You or someone you love has just completed a difficult and rocky road of cancer treatment. It’s time to get your body back on track, and give it a bit more effort, but where do you start? Read how you can create an effective exercise program post-cancer treatment.
If you’ve been reading this series all along (this is 4 of 4 regarding cancer and exercise), you are privy to my recommendations for post-diagnosis and during treatment exercise. If you’ve been following those recommendations, then of course you understand that exercise is a crucial part to surviving treatment with a strong spirit, keeping the symptoms at bay a bit, and helping your body to recover well. Now that you’ve completed treatment, the kinds of exercises will help your body bounce back don’t change, but the intensity does.
Walking is still in!
Walking programs are an easy and affordable form of exercise, and it’s easy to ramp up to increase the blood flow and heart rate, oxygen flow, and intensity. Outside, try using a health app on your smartphone or other mobile device, to see how far you are traveling (in miles or steps), while also keeping tabs on how long the trip takes you. Say you’ve gone 2500 steps or about 1.25 miles. How long did it take you? Once you have this information, you can begin to challenge yourself by increasing your pace, day by day.
A sample treadmill program might now look like this:
- Warm up 3-5 minutes 3.0 mph
- Raise to 3.3 mph for 5 minutes
- Raise to 3.5 mph for 5 minutes
- Cool down for 3-5 minutes at 3.0 mph
Both our time and our intensity increases just a bit. Over time, you can continue to increase, little by little, as your body tolerates.
Strength programs get a bump
Consider increasing the weights you were using while keeping the exercises the same, or attend a weight lifting class where you get guidance from a certified instructor. Let your instructor know a little about your challenges, so they can help you pick appropriate weights and modify as necessary. Or, ask for the help of a certified personal trainer. They will design a program just for your needs.
Stretching is still important
Now is the time to re-enter classes as an option for stretching. Pilates and Yoga will help your core strength, and you will also be working on flexibility. Restorative yoga may still be your choice, or you may think about trying a slightly harder class, like a Vinyasa Flow, where you will be moving through poses with a bit more vigor and trying more difficult poses.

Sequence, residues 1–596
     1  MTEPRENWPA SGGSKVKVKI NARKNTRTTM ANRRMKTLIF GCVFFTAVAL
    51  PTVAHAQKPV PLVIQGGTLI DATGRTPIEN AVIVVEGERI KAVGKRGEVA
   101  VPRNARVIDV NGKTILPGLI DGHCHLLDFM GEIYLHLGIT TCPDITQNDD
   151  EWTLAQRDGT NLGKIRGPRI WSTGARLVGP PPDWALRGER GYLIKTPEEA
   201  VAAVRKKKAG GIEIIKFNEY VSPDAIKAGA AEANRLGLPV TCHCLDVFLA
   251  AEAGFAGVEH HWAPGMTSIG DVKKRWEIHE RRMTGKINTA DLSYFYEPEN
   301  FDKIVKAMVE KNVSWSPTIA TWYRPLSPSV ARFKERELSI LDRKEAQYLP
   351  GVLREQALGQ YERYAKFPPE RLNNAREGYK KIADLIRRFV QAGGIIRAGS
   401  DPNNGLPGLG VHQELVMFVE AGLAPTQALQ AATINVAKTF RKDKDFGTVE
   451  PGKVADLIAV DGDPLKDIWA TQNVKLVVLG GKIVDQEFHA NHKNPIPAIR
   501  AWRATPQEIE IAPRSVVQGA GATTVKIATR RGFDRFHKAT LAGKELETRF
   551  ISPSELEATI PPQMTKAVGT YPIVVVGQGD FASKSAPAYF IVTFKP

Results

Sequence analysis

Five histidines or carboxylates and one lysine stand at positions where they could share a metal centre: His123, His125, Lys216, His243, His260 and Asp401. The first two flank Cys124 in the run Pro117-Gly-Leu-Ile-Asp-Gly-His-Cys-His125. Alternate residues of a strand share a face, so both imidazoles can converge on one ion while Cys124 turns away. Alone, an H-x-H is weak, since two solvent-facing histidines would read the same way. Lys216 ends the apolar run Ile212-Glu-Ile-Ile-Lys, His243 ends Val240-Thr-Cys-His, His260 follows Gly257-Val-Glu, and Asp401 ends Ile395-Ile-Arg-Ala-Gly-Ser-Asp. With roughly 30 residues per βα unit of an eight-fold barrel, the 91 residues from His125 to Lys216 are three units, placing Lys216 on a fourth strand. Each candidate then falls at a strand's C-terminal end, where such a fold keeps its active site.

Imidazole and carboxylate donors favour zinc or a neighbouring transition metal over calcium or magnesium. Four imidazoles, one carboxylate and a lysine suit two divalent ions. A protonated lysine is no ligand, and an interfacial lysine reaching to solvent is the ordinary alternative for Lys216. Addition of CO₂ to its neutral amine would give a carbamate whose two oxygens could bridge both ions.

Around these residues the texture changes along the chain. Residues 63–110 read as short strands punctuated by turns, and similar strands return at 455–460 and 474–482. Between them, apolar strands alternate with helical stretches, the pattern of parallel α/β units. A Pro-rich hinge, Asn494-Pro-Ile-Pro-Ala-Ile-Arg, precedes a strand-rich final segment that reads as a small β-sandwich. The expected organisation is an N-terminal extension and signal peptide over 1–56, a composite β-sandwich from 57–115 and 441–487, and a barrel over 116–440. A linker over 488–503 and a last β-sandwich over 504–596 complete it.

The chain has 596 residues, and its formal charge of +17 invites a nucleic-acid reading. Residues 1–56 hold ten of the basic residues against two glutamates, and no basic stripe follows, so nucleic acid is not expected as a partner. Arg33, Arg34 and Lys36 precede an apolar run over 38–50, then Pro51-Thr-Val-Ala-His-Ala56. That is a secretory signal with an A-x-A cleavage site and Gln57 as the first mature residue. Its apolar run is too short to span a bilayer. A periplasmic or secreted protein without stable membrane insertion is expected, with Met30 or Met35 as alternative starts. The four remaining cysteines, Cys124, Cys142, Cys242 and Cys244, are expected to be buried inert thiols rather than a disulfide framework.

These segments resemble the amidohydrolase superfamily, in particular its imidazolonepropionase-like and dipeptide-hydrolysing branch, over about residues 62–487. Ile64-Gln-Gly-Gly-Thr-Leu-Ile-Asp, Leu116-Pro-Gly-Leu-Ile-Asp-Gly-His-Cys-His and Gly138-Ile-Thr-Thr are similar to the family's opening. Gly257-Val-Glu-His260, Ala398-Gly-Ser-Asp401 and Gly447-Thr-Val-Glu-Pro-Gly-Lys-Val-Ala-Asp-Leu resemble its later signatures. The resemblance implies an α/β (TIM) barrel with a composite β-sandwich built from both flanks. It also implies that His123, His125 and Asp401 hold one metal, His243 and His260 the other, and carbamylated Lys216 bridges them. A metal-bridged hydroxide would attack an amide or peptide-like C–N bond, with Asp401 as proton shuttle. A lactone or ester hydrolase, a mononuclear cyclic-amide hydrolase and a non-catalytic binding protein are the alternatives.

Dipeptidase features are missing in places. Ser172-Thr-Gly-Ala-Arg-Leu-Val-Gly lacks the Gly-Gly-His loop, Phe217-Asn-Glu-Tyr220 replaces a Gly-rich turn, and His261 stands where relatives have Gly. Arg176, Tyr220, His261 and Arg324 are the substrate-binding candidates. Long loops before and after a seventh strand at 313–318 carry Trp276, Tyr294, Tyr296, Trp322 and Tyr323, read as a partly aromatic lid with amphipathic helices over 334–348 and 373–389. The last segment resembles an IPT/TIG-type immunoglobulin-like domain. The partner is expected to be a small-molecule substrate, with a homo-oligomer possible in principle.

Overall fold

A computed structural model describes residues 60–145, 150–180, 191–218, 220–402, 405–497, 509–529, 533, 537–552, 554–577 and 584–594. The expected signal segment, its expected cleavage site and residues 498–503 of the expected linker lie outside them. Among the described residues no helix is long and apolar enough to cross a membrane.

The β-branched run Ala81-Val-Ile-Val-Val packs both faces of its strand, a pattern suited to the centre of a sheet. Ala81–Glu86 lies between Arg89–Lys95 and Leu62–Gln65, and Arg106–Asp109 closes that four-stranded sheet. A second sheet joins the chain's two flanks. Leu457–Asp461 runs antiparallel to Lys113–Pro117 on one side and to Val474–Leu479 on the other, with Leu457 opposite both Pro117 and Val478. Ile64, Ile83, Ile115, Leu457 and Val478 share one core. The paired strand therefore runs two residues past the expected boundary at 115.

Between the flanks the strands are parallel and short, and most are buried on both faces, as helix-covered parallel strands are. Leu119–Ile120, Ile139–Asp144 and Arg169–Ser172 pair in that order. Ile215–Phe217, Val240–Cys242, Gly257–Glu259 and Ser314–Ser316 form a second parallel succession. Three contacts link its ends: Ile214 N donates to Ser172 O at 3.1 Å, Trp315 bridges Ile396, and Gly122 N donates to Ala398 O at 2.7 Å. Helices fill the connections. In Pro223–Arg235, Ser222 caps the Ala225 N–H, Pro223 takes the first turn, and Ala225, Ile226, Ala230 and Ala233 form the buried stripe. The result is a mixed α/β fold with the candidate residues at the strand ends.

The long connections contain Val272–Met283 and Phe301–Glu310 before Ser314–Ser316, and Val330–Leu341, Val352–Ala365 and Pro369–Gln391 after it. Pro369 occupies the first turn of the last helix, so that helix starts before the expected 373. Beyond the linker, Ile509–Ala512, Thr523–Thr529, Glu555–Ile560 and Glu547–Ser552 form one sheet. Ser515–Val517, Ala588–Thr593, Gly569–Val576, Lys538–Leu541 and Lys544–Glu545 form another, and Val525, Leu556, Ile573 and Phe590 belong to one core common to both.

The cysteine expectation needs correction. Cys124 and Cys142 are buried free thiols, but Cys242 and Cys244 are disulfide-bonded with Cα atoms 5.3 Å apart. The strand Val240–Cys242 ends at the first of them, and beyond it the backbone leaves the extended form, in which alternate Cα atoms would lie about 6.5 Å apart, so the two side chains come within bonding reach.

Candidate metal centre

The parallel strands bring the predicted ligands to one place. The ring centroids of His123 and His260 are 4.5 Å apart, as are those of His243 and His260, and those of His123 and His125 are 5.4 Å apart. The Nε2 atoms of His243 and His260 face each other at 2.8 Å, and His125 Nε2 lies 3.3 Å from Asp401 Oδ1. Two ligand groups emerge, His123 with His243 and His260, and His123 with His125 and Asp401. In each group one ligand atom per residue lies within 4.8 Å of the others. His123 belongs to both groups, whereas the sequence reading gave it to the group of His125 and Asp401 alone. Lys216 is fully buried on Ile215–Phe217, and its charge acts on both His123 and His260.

Try adding the following to restore your body and soul:
The Bridge: Lying comfortably on a mat, inhale to prepare, exhale and lift your hips up off of the mat. Hold this position for a count of 5, and slowly lower down. Do 10 of them for core and lower body strength, and a great stretch through your back.
Warrior 2: This yoga pose is poised to give you the gift of strength and alignment. I’ve shown it below on a chair, but of course it can be done without, which will be harder. Position your front foot straight forward, and your back foot perpendicular. Align the front heel to the center of your back foot, or adjust to heel to heel alignment, if that’s more comfortable. Extend your arms out along the same plane, draw your shoulders down and back, and keep your chest proud. Hold this for 5 deep breaths, and repeat on the other side.
Crescent lunge, modified: I love this modification of a classic Yoga pose, which uses pillows or a bolster to help you achieve proper alignment. Yoga blocks on the sides allow you to sit up tall, and pull your shoulders back. Inhale, press through that front heel, and exhale, extend the back leg until you feel a nice stretch in your hip flexor.
Hero’s pose, on blocks: Put two blocks stacked underneath you for support, and try out this relaxing pose. Inhale and lift your chest, while relaxing your shoulders back. Take 5 deep breaths.
Take the time now to really pamper yourself, as well. You’ve had a rough time of it. Now is the time to listen to soothing music, get a massage, try out a new scent in your infuser, or a scented candle, and relax.Subscribe to our Weekly Blog Digest
Written by Melissa Abramovich, ACE CPT, NASM CGT, AAHFRP Medical Exercise Specialist at Elite Sports Club-River Glen
Melissa Abramovich went into Personal Training and Group Exercise instruction after successfully losing 140 pounds through healthy diet and exercise. Her desire to help others drove her forward into a career helping others to make healthier choices. She is an ACE certified personal trainer and now also a Medical Exercise Specialist (AAHFRP), helping clients with a myriad of health issues at Elite Sports Clubs. She holds a Bachelor’s degree, and many group exercise related certifications as well.